At our recent Kids Count Conference, I asked the room of nearly 400 attendees to raise their hands if they had ever spent money on activities such as music lessons, team sports, preschool or a tutor for a child or grandchild. Then I asked if any of them would characterize that spending as “throwing money at the problem.”
Because poverty has multiple causes and tends to be generational, we must address it by meeting the needs of the family as a whole. This is called a two-generation approach, and it does more than ensure that children are fed and safe. It also gives parents the tools they need to better their own situations—whether that means access to job training and further education or health care to deal with substance abuse problems or chronic illness.
Students at UNM will see another increase of about $280 in their tuition and fees next year. That may not seem like a huge amount to some, but it’s enormous when you look at it this way.
Our state's Permanent Fund has grown to $15 billion while child well-being has plummeted to 49th in the nation. But a lawmakers thinks that’s not dire?
Imagine we were building our public education system from scratch. Summer vacations and early childhood education are among the aspects that we’d likely change.
Given the news out of the Legislature, you’d think we’ve been rapidly expanding the early childhood services that will improve school outcomes. Actually, fewer children are receiving these services today than did five years ago.
Dr. Arthur Rolnick—the keynote speaker at our 2014 NM KIDS COUNT Conference—made a compelling case for higher levels of investment in early childhood care and learning services. Many people in New Mexico agree that these kind of investments will help us improve the well-being of our children. Unfortunately, there has not been a consensus in Santa Fe on how to pay for these programs.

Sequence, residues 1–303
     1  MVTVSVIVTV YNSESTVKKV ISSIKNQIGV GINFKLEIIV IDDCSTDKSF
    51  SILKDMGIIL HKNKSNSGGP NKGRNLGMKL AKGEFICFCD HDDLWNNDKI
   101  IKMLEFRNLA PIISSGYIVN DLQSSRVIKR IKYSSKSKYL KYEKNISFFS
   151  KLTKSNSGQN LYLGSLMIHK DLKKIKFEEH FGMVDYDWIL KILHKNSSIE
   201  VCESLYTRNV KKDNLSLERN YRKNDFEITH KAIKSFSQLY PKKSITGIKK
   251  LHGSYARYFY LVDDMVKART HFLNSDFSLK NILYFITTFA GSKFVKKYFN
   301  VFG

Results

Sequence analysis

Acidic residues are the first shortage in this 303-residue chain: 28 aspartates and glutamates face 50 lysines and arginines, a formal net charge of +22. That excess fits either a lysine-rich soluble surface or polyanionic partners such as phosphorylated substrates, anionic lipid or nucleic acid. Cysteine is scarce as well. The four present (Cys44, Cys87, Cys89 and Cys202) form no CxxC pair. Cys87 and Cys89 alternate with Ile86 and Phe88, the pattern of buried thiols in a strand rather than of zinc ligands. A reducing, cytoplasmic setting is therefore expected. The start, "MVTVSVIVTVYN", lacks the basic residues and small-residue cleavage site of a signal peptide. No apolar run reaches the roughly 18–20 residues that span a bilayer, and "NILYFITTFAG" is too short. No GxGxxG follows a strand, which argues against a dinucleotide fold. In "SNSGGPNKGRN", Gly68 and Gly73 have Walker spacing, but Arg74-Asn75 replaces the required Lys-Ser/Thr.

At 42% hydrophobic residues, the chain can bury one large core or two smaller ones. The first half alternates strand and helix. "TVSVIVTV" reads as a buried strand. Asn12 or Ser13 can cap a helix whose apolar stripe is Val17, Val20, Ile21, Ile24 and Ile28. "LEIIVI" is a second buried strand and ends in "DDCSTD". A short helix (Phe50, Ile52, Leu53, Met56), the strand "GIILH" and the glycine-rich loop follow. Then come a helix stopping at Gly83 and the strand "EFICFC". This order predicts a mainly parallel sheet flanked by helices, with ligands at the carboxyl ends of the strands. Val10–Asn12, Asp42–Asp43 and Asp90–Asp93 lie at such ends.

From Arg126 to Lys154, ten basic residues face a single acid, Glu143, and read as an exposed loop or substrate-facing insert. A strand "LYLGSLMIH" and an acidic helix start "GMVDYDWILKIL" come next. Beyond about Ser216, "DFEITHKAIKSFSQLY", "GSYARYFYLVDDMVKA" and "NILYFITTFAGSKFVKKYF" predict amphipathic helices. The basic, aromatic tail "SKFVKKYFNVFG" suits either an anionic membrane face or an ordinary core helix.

A recent report from the State Investment Council shows that New Mexico’s Land Grant Permanent Fund (LGPF) is growing at a robust pace and now exceeds $13.8 billion. It’s the second largest fund of its kind in the nation and we spend a small portion of it every year on education and other important services. Meanwhile, New Mexico remains the worst state in which to raise a child. Only a small fraction of our youngest children have access to the high-quality early childhood care and learning services that are shown to improve their outcomes all the way into adulthood.
The 2014 national KIDS COUNT ranking of states in child well-being just came out. There was a lot of uproar last year when, for the first time ever, New Mexico was ranked dead last—a position that had always been reserved for Mississippi. This year, Mississippi is back in 50th and we are ranked 49th. That’s good news, surely, but we have to ask ourselves … is it just a statistical fluke? Or, could our state possibly be starting to make progress in improving children’s lives? And, if this is so, can we sustain this movement?
There are many other reasons legislators should obsess over the high cost of child care: because of our high poverty rates, more of our kids need it and fewer working parents can afford it; because preschoolers don’t get Pell Grants, can’t take out a student loan, and don’t qualify for work-study so their parents are stuck with the cost upfront; and because, arguably, high-quality child care is more important to a person’s development than college.